Phantom Thread (2017)
Paul Thomas Anderson never stops surprising. Besides being the director of modern classics such as Boogie Nights and There WIll Be Blood and marrying SNL goddess Maya Rudolph, he is able to deliver varied stories of troubled characters with seeming ease. This year with Phantom Thread, he reteams to Daniel Day-Lewis for his reported final film. Day-Lewis stars as Reynolds Woodcock, a London dressmaker known for his particularities over breakfast noise and couture women’s wear. When he invites Alma, a determined young woman, to be his muse, the connection between the two balances the power dynamic in very unexpected ways. Vicky Krieps, who plays Alma, fascinates with her understated tet-a-tet with the famed designer. She gains the upper hand as she notes her exit from the House of Woodcock, and she refuses to be disconnected from the man who inspires her through his inspiration.
Marvelously acted, Day-Lewis has a gorgeous endcap to his film career. Woodcock is a difficult man, requiring those around him to pander to his insecurities and peculiarities with none of this attention returned to the needs of those around him. Think a serious Sheldon Cooper if he was fixated on hemlines. Rarely looking up from his sketches, Woodcock is an intense form; foolishness is equivalent to violence. Movement should be restricted; his fashions are where the spirit lies, not in the body filling them. Effortlessly cruel but completely incompetent when attempting connection, he falls under Alma’s spell without realizing her determination. Krieps is hushed as she learns her place aside the genius, but where past muses have failed, she is insistant of her necessity. Her toothy smile and halted manner of speaking promise a gentle, obedient model, a mannequin barely brought to life, but her desires quietly contradict her appearance. Paired with the always stellar Lesley Manville, a stern sister and caretaker with a biting wit, the trio are an enigma in themselves. They barely seem to want each other around but are desperate when attempting to be separated.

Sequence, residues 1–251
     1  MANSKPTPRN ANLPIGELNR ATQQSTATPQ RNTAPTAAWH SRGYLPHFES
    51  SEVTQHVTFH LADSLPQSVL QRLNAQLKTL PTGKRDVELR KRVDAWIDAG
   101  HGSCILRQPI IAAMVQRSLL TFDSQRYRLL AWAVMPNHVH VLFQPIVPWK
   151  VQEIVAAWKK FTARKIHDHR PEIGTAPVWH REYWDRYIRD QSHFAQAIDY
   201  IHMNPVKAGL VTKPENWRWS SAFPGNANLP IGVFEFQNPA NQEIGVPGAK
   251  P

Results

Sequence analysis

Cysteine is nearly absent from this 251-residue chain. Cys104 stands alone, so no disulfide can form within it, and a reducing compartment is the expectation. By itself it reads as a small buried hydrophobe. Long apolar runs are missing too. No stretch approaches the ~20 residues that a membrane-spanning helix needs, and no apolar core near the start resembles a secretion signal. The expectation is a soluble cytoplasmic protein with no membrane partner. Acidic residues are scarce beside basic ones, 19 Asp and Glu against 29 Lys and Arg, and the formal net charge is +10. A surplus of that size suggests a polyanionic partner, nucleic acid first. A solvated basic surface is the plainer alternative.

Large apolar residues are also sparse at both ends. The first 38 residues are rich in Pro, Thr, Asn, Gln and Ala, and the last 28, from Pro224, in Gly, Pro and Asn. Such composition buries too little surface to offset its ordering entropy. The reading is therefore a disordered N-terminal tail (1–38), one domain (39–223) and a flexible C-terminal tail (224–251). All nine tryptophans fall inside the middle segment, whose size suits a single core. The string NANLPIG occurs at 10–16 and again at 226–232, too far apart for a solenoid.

Surrounded by a string filled, surreal score from Jonny Greenwood, previous collaborator on The Master and There Will Be Blood, among others, the scene becomes set and rattled with the thematic variations. Whether seamstresses are ascending a spiral staircase, a photoshoot is idealizing the artist’s creations, or more nefarious actions are afoot, Greenwood’s score is a character in itself. With Mark Bridges’ (Oscar winner for The Artist) spectacular gowns, Phantom Thread is the most beautiful, hushed thriller in years. Unsettling at times, sweepingly gorgeous at others, the film embodies an intimate, coercive bond between master and muse. The first fitting Woodcock bestows upon Alma might be the most sensual scene of the year; the encompassing fascination from Day-Lewis paired with ingénue sensitivity presents Woodcock’s perceived blank canvas. As if Alma comes alive with Woodcock’s fascination, his obsession with her body’s features and ignorance to her identity allows Alma to develop her fantasy of what their partnership should be. A lightly touched “confirmed bachelor” conversation and comments from Manville regarding Alma’s appearance left me seeking so much in their relationship that both excited and perplexed me along the way. This film is quite rightly a work of art directly from the writer-directors imagination. Go in with an open mind and let me know what you’ve found.